Puff, the CCP’s Magic Dragon

In my previous post, I pointed to an article on Xinhua in which some party officials were calling for the “spread” of democracy in China. After reading that article, I felt somewhat encouraged that perhaps China’s political future was heading in the right direction.

Today, Tom over at Seeing Red in China wrote an article that has me feeling less encouraged. He points to some statements by high level CCP officials stating things like “[o]n the basis of China’s conditions, we’ve made a solemn declaration that we’ll not employ a system of multiple parties holding office in rotation” and that there is “[no] possibility of separating executive, legislative and judicial powers, adopting a bicameral or federal system…”

Wu Bangguo, the chairman of the National People’s Congress (NPC) Standing Committee, was the one making those statements, so they presumably carry the weight of the CCP leadership behind them.

In my previous post, I said, “[t]here is a good chance that the Xinhua article is just a propaganda puff piece to improve the CCP’s international image.” Despite that possibility, I was hopeful. Today, I would have to say it was just propaganda, as I feared.

The CCP’s continual fear-mongering is really getting old and tiresome. Said Wu:

If we waver (from the correct political orientation and major issues of principle, such as the fundamental system of the State), the achievements gained thus far in development will be lost and it is possible the country could sink into the abyss of internal disorder.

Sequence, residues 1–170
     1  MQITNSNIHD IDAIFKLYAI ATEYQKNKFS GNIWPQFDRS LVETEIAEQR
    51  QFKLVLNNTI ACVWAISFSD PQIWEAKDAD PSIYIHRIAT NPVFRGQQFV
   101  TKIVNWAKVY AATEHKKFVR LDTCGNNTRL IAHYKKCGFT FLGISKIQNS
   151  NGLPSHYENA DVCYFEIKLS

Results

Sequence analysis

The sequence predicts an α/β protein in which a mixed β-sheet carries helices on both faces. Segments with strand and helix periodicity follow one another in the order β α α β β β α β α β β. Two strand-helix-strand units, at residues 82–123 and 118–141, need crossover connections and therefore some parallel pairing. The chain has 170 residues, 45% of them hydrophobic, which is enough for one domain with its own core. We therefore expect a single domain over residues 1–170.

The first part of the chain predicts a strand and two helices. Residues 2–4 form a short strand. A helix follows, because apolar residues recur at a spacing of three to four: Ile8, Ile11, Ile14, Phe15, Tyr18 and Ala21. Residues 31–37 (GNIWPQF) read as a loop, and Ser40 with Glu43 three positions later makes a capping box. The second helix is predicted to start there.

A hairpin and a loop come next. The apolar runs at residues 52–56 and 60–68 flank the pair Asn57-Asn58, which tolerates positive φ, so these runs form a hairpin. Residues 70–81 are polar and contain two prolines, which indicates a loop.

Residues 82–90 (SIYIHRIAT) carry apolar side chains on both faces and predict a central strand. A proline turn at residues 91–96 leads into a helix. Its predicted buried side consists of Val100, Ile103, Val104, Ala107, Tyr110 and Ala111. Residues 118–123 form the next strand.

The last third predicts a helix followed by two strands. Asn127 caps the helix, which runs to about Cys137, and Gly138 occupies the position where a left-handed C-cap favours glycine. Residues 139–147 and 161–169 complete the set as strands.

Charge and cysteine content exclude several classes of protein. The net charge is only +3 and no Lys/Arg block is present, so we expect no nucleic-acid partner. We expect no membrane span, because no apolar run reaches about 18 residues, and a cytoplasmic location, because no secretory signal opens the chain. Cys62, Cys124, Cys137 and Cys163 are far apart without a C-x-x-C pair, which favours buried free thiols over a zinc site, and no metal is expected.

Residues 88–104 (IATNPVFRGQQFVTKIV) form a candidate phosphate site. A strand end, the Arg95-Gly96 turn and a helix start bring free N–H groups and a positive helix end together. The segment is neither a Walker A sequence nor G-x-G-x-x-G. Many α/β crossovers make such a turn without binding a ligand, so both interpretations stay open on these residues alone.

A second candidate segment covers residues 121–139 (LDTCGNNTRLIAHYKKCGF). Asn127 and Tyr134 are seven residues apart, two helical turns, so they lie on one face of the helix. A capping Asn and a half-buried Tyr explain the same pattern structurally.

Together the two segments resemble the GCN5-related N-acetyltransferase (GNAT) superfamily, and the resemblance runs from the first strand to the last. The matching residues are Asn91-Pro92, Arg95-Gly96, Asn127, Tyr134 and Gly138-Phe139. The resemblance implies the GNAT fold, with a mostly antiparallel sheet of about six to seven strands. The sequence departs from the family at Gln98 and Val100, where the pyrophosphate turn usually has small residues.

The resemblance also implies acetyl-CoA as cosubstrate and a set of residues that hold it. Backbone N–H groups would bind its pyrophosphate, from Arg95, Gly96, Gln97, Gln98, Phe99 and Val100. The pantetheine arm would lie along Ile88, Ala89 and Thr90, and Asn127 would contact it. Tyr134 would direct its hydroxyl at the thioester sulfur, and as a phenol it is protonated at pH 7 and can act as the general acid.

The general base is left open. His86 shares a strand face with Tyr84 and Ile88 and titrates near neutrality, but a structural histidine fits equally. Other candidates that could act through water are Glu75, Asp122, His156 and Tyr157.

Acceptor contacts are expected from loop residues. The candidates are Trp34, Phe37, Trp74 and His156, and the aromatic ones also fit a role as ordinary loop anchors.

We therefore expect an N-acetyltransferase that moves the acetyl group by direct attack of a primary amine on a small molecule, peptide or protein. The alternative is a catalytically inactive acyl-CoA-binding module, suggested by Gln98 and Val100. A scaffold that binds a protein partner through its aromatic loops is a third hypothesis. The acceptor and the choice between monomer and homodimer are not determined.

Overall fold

When will the CCP learn? If they don’t reform, they all but guarantee the “abyss of internal disorder” that they say they fear so much. The corruption inherent in the structure of their government ensure that the people will eventually have had enough. How can people so (justifiably) proud of their history be so ignorant of one of its major lessons? The CCP very well might become one of China’s shorter “dynasties.”

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2 Responses to Puff, the CCP’s Magic Dragon

  1. Tom says:

    Sorry to take some of the wind out of your sails Pete.
    I never said that I didn’t think democracy was ever going to be realized in China, it’s just further down the road than we thought.
    Each generation of leadership has been more open to the possibility, now we just have to wait another year for the next set of leaders, anything could happen.

  2. Pete Nelson says:

    Hey Tom,

    I didn’t feel that you took the wind out of my sails – you just found some information that was counter to what I saw, which is great. I think we are both interested in the truth about China (if there is any actual “truth”), and so I actually appreciated what you wrote. I’m aware that the CCP does its best to shape world opinions on China, the CCP, and the CCP’s government, and I so wasn’t too surprised to see what Wu Bangguo said. It seems clear now that what I read was propaganda meant for foreign readers; Wu’s statements were probably the “real” policy; although, it might be possible that he is more reactionary than others in the CCP. I haven’t studied the individual leaders in the CCP to any extent, so I don’t know where they stand relatively in regard to liberalization of China’s government.

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